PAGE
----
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Thou hast not left
Thyself without a witness, in these shades,
Of Thy perfections. Grandeur, strength, and grace,
In all that proud old world beyond the deep,
Wears the green coronal of leaves, with which
Nestled at his root
Is beauty, such as blooms not in the glare
My heart is awed within me, when I think
Written on Thy works, I read
The lesson of Thy own eternity.
Lo! all grow old and die,-but see, again,
Youth presses,-ever gay and beautiful youth,-
These lofty trees
Wave not less proudly, that their ancestors
Makes his own nourishment. For he came forth
There have been holy men who hid themselves
Their lives to thought and prayer, till they outlived
Retire, and in thy presence re-assure
My feeble virtue. Here, its enemies,
The passions, at Thy plainer footsteps, shrink,
Oh, God! when Thou
Dost scare the world with tempests, set on fire
The swift, dark whirlwind that uproots the woods,
Oh, from these sterner aspects of Thy face,
QUESTIONS. 1. What is meant by "verdant roof?" 2. What allusion is made to the age of the trees? 3. For what are they a fit shrine? 4. Of what do they not report? 5. What continual worship is in the forest? 6. Wit is said of the mighty oak? 7. Of the forest_flower? 8. What change is constantly going on among the trees? 9. Does age lessen their charms? 10. What have some holy men done? 11. What will make us forget our pride, and lay our strifes and follies by ?
To what does the pronoun is, in the eighth verse, refer? With what tone of voice should the ninth verse be read? With what, the last? Which line in the third verse, is the most difficult to articulate distinctly, and why?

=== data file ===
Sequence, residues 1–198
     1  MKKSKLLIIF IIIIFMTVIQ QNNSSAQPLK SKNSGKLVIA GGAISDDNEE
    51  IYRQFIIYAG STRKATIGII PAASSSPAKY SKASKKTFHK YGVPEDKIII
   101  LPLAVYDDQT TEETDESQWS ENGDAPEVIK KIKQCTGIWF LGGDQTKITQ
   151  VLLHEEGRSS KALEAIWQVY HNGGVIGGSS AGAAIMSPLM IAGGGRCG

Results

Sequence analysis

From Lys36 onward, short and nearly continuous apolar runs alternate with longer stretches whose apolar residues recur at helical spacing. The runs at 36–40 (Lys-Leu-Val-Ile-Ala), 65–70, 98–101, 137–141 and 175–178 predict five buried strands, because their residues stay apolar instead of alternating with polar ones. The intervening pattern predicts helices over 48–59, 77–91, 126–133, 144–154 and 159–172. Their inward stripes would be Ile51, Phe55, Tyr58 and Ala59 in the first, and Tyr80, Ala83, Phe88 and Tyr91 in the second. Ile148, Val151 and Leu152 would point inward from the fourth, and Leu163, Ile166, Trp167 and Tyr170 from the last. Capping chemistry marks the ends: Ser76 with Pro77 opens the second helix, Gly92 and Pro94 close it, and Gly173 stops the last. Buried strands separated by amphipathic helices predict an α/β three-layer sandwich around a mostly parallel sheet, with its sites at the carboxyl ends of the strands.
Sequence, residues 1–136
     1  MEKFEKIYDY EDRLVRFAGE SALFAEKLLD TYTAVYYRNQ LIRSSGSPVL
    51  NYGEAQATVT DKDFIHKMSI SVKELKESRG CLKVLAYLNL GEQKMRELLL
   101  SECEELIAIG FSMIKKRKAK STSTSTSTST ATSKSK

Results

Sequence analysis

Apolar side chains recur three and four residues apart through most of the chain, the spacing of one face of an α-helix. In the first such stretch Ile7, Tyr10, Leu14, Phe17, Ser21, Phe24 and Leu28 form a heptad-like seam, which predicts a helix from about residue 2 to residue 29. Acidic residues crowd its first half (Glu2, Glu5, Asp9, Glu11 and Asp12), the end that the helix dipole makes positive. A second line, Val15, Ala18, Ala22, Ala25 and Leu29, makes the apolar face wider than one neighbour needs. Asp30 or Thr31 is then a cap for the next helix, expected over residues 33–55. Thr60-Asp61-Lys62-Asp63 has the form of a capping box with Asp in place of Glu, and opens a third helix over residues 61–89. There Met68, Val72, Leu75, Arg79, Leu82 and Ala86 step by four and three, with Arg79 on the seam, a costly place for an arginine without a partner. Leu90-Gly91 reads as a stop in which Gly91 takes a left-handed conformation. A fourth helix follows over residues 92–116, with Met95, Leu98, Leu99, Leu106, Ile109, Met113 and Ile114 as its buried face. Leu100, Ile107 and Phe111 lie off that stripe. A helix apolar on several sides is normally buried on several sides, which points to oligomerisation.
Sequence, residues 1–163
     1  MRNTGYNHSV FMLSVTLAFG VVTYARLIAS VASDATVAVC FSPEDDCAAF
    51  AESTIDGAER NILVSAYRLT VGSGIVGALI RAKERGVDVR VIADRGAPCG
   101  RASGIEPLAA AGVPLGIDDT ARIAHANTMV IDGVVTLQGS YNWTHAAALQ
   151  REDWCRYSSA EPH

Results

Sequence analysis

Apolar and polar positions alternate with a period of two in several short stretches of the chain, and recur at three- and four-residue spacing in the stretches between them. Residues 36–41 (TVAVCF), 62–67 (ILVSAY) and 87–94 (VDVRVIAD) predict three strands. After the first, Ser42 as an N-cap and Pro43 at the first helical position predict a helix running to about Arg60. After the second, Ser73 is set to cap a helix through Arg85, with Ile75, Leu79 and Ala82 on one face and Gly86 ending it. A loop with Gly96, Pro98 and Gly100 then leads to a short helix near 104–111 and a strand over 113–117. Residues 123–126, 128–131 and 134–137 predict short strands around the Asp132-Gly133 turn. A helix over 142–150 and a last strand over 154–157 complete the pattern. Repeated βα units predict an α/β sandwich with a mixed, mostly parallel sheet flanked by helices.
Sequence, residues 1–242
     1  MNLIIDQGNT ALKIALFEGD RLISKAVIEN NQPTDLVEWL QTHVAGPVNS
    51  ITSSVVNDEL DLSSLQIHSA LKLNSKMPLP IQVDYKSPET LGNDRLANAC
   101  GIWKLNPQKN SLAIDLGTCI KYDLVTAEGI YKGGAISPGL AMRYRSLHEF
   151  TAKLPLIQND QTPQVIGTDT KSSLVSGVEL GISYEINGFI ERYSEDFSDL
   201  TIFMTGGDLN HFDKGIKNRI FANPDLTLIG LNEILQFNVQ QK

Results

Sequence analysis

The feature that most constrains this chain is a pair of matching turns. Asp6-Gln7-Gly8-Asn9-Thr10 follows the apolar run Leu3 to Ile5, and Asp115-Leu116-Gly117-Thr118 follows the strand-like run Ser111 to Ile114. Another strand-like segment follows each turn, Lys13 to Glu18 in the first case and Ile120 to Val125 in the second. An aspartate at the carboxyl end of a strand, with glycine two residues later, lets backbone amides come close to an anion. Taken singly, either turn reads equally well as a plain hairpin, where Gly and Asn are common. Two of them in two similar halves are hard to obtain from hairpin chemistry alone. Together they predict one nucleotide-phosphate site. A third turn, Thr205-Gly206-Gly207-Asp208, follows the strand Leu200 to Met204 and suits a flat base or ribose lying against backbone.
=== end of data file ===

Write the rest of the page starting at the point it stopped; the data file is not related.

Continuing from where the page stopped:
SPELL AND DEFINE-1. BANQUET. a feast. 2. PROPORTION. form of shape. 3. SUN'DERED, separated; parted. 4. NEES'INGS, sneezings. or spoutings of a sea-animal as of a whale. 5. NOTH'ER, lower, or being under. 6. HA BER GE ON, a defensive armor for the neck or breast. 7. SEETHING, boiling. 8. CAL'DRON, a large kettle.
1. CANST thou draw out leviathan with a hook?
Or his tongue with a cord which thou lettest down?
Or bore his jaw through with a thorn?
Will he make many supplications unto thee?
Will he make a covenant with thee?
Wilt thou take him for a servant for ever?
2. Lay thine hand upon him,
Remember the battle, do no more.
Shall not one be cast down even at the sight of him?
Who then is able to stand before me?
Who hath prevented me, that I should repay him
3. I will not conceal his parts, nor his power,
Who can discover the face of his garment?
Or who can come to him with his double bridle?
Who can open the doors of his face?
His teeth are terrible round about.
Shut up together as with a close seal.
One is so near to another,
That no air can come between them.
They are joined one to another,
They stick together, that they can not be sundered.
By his neesings a light doth shine,
And his eyes ere like the eyelids of the morning.
4. Out of his mouth go burning lamps,
And sparks of fire leap out.
Out of his nostrils goeth smoke,
As out of a seething pot or caldron.
And a flame goeth out of his mouth.
And sorrow is turned into joy before him.
They are firm in themselves; they can not be moved.